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A Primer on the Prime Rate

By Matt Kelley
Portfolio Strategy Manager, ESL Federal Credit Union

In March 2022, the Federal Reserve Bank (the Fed) raised its benchmark federal-funds rate for the first time since 2018. With this rate change, we may have a little understanding of the impact, but we still may be wondering “What does this mean for me?” and “What does this mean for the economy?”

Here are some straight-forward answers, so as rates rise or fall, you’ll know what it means, both for you and the economy.

What are the federal funds rate and the prime rate?

The target federal funds rate, which is set by the Fed, serves as the basis for the prime rate. The federal funds rate is the interest rate commercial banks charge each other for overnight lending. Generally, the prime rate is about 3 percent higher than the federal funds rate. That means that when the Fed raises interest rates, the prime rate also goes up.

The prime rate is the rate at which individual banks and credit unions lend to their customers, including large corporations. It is often used as a benchmark for other loans like credit card and small-business loans.

The prime rate is generally the lowest rate of interest in which money may be borrowed commercially. Here at ESL, we use the prime rate as a basis to calculate the Annual Percentage Rate (APR) on variable rate products including Home Equity Lines of Credit, Credit Cards, and variable rate Business Loans. ESL uses the prime rate as provided in the Eastern print edition of the Wall Street Journal.

How does ESL choose their prime rate?

As the Fed changes rates, the prime rate adjusts with it. ESL uses a widely accepted index, The Wall Street Journal, to determine our prime rate. The Wall Street Journal is the most common source for the Prime Rate index and publishes its rate based on what the top 30 banks in the U.S. list as their prime rate. You can find the current prime rate on the Wall Street Journal website.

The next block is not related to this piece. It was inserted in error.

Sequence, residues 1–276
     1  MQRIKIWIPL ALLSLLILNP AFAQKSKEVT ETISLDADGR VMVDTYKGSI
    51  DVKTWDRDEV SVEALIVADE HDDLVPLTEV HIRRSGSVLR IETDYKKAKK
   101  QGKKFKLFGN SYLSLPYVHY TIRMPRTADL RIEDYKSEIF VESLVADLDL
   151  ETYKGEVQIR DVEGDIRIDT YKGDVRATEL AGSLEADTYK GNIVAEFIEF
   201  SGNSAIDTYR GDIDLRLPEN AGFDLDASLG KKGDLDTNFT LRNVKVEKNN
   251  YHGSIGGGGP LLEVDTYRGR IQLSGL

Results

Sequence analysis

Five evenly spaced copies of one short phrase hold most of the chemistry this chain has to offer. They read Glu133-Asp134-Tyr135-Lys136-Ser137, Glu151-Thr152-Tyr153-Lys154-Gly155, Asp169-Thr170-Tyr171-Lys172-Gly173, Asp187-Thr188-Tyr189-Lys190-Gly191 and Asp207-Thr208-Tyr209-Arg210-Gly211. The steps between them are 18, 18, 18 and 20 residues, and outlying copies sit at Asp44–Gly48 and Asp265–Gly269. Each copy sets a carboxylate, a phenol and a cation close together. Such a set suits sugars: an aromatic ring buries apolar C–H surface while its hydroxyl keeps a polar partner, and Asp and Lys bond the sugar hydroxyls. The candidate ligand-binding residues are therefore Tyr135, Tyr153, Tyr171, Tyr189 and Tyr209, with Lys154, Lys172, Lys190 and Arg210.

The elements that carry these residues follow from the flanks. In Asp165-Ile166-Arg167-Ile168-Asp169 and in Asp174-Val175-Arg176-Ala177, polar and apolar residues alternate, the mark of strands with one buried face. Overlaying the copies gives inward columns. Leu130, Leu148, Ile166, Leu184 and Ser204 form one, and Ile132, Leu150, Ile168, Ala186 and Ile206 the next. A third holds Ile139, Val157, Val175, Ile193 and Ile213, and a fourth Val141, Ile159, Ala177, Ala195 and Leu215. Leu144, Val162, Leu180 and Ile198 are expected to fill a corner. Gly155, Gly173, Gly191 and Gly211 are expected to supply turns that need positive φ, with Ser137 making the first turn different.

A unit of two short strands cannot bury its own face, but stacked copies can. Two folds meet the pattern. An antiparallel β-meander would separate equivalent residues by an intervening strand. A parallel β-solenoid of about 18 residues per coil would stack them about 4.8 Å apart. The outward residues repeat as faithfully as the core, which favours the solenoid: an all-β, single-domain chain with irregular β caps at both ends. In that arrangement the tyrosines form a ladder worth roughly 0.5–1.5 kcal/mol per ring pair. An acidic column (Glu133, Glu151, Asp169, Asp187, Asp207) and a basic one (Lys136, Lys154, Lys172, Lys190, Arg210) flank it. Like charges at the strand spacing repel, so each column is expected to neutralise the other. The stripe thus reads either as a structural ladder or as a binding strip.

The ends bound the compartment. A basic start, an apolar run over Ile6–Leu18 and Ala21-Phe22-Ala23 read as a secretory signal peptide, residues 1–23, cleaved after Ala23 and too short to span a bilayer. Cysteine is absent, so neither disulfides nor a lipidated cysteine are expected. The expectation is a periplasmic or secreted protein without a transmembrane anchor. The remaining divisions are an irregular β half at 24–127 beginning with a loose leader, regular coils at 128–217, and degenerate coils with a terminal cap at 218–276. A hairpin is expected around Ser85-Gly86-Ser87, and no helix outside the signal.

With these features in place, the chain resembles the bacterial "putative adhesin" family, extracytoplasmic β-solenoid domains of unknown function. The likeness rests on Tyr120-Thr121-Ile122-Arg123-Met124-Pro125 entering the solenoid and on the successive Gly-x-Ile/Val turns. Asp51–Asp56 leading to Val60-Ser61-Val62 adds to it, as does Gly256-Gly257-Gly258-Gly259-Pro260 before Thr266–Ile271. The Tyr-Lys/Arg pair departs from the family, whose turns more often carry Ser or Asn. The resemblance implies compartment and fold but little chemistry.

Why does the prime rate change?

The Fed sets interest rate targets to manage the economy. As of March 2022, with U.S. unemployment rates at their lowest levels since pre-pandemic and inflation the highest it has been since the early 80s, the Fed is raising rates in an effort to cool the economy and combat inflation. As the U.S. economy irons out supply chain issues, fallout from the Ukraine crisis and faces a tight labor supply, raw material costs, shipping costs and wage pressure are driving up the costs of goods and services (otherwise known as inflation).

What does it mean for the economy when the federal funds rate and the prime rate go up?

Because the prime rate is so closely tied to the Federal Funds Rate, changes in the prime rate are reflective of the Fed’s position on the economy. Increases in the Federal Funds Rate (and indirectly the prime rate) is seen as monetary “tightening” or “contractionary” policy. This action is consistent when the Fed is attempting to slow the economy and control inflation.

What does it mean for the economy when the prime rate goes down?

When the Fed lowers the Federal Funds Rate, they are lowering the cost in which banks borrow funds from each other. This translates to the rates at which businesses and consumers borrow from banks and the interest rates that banks and other financial institutions pay on deposits. When the Fed lowers the Federal Funds Rate it is attempting to stimulate the economy.

Lowering the Federal Funds Rate is referred to as monetary “easing” and tends to increase aggregate demand for goods and services as well as the employment rate. This can be viewed as inflationary as increased demand and employment lead to higher wage growth and higher prices for goods and services.

What does this mean for me and my finances?

An increase in the prime rate may increase loan rates for businesses and consumers. At ESL, the Credit Cards, Home Equity Lines of Credit (HELOC), Business Line of Credit, and Variable Rate Business Term Loan rates are tied to the prime rate, which means as the prime rate increases the rates on these loans will also increase.

Please visit the following pages to see how the prime rate affects ESL loan rates: